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Words of Healing: :D
Posted by Hannah, Nov 30, 2009. 1830 views. ID = 2989

Words of Healing

Posted by Hannah, Nov 30, 2009. 1830 views. ID = 2989
This post was written in 0 minutes.
I originally wrote this for a writing assignment at school but I like it a lot, so... :D
This post has been awarded 17 stars by 4 readers.

They wrote for a purpose, unknown to them, but they could feel it hiding from sight, white teeth glinting softly in the stark moonlight. None of them had met before the first meeting, yet because of their shared pain they knew each other better than anyone else. They knew from the dreams, the flashes of deep bright flames of light and color mixed in a beautiful display of memories, and the darkness of their minds, that they’d been brought together for this. This one last shot at their hopes, long hidden behind false pretenses and shoved away by common sense.

She told them to write. Anything. Everything. And they had. Once they began to write it was hard to stop. The notebooks the facilitator gave them had changed their lives. Their anger, frustration, thoughts, hopes, fears, insights and self-loathing came out effortlessly onto the dingy scraps of paper, and it felt incredible to have some power over their lives back. More than incredible. When you lose yourself as each of them had, it takes much to get some kind of sense of self back. Many tears, mistakes and fits of anger were usually the path for people on the road they were stumbling down, but not now. They finally found their niche.

The writing was art, pure and simple. The words brought beauty and love into an ugly existence. The art of writing was beautiful and yet heartbreaking, fulfilling to the core and the answer to many prayers. The prayers begging for a change in their lives they knew wouldn’t come unless they had help. Writing was a gateway to their own hearts and led them along the path of understanding others’ difficulties, instead of only focusing on their small, blind points of view. It took them from their excessive, mundane existence into the world of words, where they chose where they went from where they were.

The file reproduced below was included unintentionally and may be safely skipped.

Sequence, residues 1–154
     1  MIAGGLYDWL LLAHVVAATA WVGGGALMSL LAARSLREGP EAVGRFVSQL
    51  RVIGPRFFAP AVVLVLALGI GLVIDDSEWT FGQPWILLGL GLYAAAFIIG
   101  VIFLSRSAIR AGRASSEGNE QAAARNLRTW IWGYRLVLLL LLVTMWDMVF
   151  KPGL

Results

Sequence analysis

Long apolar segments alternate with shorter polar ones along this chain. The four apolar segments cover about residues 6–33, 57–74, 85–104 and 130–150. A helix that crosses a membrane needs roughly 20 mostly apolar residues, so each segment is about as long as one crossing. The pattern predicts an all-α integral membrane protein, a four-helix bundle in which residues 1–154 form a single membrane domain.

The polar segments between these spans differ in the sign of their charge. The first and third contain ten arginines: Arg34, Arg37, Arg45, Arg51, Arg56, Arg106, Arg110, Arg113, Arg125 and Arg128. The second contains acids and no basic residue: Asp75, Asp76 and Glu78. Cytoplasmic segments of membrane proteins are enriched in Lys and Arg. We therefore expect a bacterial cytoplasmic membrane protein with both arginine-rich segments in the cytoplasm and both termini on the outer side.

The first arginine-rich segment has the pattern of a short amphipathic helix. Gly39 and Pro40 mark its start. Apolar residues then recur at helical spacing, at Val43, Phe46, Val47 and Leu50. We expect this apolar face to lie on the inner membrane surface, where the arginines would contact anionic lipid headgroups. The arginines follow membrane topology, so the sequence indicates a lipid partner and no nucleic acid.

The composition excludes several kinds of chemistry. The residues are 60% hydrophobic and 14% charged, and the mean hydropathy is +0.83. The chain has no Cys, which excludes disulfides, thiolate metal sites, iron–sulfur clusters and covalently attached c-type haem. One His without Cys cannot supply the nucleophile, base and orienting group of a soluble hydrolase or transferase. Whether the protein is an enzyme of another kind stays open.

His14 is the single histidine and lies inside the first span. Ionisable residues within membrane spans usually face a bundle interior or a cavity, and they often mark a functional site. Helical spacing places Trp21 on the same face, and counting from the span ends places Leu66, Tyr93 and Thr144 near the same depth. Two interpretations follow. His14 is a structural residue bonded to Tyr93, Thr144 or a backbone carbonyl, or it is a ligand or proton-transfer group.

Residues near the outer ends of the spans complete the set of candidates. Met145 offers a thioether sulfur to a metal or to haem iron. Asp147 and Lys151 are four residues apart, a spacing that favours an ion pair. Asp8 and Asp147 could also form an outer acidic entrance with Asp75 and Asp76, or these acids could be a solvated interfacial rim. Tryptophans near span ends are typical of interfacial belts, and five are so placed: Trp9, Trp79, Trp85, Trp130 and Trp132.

The purpose of the diaries, the facilitator had said, was to study the private workings of their minds. She would read their entries if they allowed, and it would help them, and her, to understand what the need was that made them rebel against their minds, hearts and bodies. The need that initially led them to their addictions.

Most of them had scoffed and in sarcasm written small entries about what they’d eaten that day, if they even bothered to write at all. But something changed when Pam, a woman who rarely spoke in the meetings, read her entry from the day before. A short, simple statement the facilitator had told them, albeit in vain, to repeat every day to themselves.

“I am of infinite worth in the sight of God.” Pam’s words came out choked, her tears coating her cheeks and blurring her vision. Her voice sounded desperate, as if she was clutching to her one last dying hope with all her might. As if her life depended on it. Her hands shook and her voice died out, but everyone understood, and listened. A silence stifled the room deafeningly and a warm glow stabbed into the hearts of those around the young woman who spoke. The simple truth they’d never been able to acknowledge was now shoved painfully into their faces by this stranger.


Pam sat down on the plastic chair stiffly, shaking erratically as she held the ripped, battered notebook tightly in her clenched fists. The words were written on a page halfway through the fifty cent notebook. The facilitator suddenly realized Pam had never allowed her notebook to be read. Not once.

Since that day, the group of ten had slowly, and slightly reluctantly, trickled in with their worn notebooks each day, sharing choice excerpts of hope or failure with the group. The one try at simple writing had turned into a weekly session of tears and triumphs, laughter and heartache.

Though they were from differed social circles, they were on the same hard road to recovery, trying to take everything one small step at a time, day by day. Most had only shown up on the day Pam read her entry because they were forced by court order. Their paths had crossed perhaps on accident, or maybe fate had known all along that that day would be a life-saving moment for all of them. Their writing together and sharing of the sometimes poetic words led to healing and hope in so, so many ways.


Copyright 2009 Hannah. All rights reserved. FifteenMinutesOfFiction.com has been granted non-exclusive rights to display this work. For permission to reprint this item, please contact the author.
 


   
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Comments


Mathax
Dec 1, 2009
Funny, I just posted something I wrote for school too. :P
Great Story.
   ~Posted by Mathax, Dec 1, 2009



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